Sleep and the EEG

When the EEG, or electroencephalogram, was invented, a whole new world opened for  exploration — the previously unknown world we all enter when we fall asleep.

Before the EEG, sleep was often thought of as a death-like experience, wherein one loses consciousness each night, hopefully to return in the morning.  Our remembered dreams gave us glimpses of this other world, often comprised of bizarre fantasies and sometimes disturbing nightmares, but no one knew for sure what was going on.

By measuring electrical activity in the brain, the EEG gave us a much better understanding of this unknown world.  The brain — powered by billions of neurons, or brain cells — produces measurable waves of electricity the EEG can record.  The first recording EEG machine was invented by German physiologist and psychiatrist Hans Berger in 1924.

Yet it would be almost 30 years later before scientists got the bright idea of attaching one of those devices to someone while asleep.  In 1953, two researchers at the University of Chicago, Eugene Aserinsky and Nathaniel Kleitman, first measured the alternating periods of REM (rapid eye movement) and NREM (sometimes called slow wave sleep) during all-night EEG recordings, launching the era of modern sleep research.

More than 60 years later the EEG remains the primary tool for laboratory sleep evaluation, and what researchers find looks something like this:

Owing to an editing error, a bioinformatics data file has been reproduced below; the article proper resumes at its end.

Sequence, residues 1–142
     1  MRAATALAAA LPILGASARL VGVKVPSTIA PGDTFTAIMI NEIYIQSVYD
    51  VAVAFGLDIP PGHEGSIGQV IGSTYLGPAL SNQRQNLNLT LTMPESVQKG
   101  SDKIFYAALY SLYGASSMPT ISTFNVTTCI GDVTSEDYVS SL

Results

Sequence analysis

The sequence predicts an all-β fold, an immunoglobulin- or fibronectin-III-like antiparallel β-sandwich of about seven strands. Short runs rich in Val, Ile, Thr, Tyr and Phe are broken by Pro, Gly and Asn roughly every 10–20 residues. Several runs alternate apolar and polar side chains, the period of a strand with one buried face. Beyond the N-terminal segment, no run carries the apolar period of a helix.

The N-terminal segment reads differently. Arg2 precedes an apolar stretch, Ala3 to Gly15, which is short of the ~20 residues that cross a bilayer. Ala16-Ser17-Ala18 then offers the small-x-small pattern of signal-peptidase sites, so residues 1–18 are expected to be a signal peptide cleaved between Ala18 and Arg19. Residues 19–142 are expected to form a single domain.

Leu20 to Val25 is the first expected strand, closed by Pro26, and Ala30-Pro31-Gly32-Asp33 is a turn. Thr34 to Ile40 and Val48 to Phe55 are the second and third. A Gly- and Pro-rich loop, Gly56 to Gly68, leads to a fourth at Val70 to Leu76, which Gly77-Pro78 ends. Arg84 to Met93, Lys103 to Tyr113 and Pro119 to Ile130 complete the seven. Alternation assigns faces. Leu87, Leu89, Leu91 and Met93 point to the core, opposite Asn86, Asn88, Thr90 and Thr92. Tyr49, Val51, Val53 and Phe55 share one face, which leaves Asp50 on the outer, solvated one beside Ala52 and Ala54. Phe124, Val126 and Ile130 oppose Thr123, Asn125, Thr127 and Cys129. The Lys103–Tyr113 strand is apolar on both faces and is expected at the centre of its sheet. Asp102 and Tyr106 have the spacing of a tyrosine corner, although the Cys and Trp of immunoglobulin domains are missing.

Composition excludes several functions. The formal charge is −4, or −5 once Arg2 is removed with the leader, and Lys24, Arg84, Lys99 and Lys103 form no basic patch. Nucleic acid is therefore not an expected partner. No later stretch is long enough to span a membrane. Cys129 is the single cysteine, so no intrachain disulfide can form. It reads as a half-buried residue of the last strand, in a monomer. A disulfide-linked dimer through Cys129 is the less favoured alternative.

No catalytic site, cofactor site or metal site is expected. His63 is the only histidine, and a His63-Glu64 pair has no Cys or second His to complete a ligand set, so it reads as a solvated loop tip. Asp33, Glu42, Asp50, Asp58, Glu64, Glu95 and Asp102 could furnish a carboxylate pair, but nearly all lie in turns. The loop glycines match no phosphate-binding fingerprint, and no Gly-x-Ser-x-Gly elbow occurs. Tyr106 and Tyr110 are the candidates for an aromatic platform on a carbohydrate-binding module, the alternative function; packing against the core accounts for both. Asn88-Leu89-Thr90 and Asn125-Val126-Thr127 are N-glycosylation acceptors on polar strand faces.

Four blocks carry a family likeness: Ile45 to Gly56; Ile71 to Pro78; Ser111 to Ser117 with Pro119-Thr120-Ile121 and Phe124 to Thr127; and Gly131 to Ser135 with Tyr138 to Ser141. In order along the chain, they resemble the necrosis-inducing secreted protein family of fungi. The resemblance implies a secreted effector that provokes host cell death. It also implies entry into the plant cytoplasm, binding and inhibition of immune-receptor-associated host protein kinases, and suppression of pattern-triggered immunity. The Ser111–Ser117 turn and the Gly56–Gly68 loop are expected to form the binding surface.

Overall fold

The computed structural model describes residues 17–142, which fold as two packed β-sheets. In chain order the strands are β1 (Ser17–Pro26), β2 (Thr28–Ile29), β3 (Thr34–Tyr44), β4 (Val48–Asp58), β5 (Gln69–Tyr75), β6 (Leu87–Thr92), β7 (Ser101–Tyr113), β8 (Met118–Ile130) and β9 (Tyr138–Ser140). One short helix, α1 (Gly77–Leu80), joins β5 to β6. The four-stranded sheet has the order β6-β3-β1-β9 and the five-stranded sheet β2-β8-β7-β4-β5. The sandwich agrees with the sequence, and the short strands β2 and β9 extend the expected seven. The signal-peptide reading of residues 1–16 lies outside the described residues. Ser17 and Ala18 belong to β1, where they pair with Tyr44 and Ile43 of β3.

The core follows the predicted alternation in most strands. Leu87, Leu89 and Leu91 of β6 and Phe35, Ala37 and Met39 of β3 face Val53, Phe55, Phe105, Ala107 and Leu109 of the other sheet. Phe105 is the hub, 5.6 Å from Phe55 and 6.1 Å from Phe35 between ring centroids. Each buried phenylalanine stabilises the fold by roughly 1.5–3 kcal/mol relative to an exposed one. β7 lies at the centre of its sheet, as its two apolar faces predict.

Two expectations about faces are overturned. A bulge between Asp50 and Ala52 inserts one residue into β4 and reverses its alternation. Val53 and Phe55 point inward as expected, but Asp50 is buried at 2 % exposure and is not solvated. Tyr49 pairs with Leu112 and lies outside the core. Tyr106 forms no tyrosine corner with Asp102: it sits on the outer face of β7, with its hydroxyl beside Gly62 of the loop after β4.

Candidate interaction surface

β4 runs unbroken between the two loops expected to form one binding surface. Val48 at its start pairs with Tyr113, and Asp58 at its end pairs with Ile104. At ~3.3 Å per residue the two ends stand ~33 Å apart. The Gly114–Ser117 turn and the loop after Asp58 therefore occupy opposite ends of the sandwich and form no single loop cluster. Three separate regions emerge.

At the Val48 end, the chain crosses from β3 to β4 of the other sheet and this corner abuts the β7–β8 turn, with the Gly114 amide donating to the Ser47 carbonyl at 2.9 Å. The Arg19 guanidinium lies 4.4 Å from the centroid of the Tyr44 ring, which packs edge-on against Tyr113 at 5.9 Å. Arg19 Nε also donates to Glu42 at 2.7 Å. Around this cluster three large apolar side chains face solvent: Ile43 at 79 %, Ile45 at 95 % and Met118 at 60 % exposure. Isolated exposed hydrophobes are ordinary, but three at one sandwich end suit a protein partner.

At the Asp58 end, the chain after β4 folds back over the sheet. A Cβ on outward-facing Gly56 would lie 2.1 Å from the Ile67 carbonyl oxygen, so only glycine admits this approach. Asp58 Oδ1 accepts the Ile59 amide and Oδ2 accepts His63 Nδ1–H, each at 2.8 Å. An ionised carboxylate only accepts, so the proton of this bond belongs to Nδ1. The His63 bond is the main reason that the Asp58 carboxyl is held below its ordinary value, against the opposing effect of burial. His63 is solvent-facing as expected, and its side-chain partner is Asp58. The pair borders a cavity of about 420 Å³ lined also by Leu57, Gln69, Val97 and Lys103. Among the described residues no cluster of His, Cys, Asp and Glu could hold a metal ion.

stages-of-sleep-eeg1

EEG recordings for various stages of sleep.  Notice the similarity between REM sleep (bottom) and an awakened state (top), and the striking difference between that and the slow deep rhythmic waves of Stages 3 and 4, the deepest forms of sleep.

When we fall asleep we transition through various stages, starting with a relaxed state, which leads to drowsiness, or Stage 1.  True sleep starts in Stage 2 with the appearance of the sleep spindles and K complexes, and the deepest form of sleep shows rhythmic waves of electrical activity slowly sweeping across the brain.

The transition of sleep stages usually ends with something that appears very close to an awakened state — the REM dream stage.  A complete cycle of NREM and REM usually takes about 90 minutes, and we typically experience 4 to 6 complete cycles of sleep each night.

Research has shown during these deepest slow wave sleep stages the brain clears itself of toxins and replenishes its energy supply for a new day.  It is thought these slow cycles of electricity literally draw cerebrospinal fluid into and through the brain to facilitate this renewal process.

If awakened during a deep NREM stage, we usually remember little about our dreams and are typically extremely groggy.  In complete contrast the REM dream stage is much closer to a fully awakened state.  In REM our dreams are vivid, and by completing one’s final REM stage of the night one likely feels better rested and more emotionally restored for a new day.

Use of the EEG opened a much broader understanding of sleep, with intense research still ongoing today.  There is still much more that we don’t know than we know about this hidden world we enter each night.

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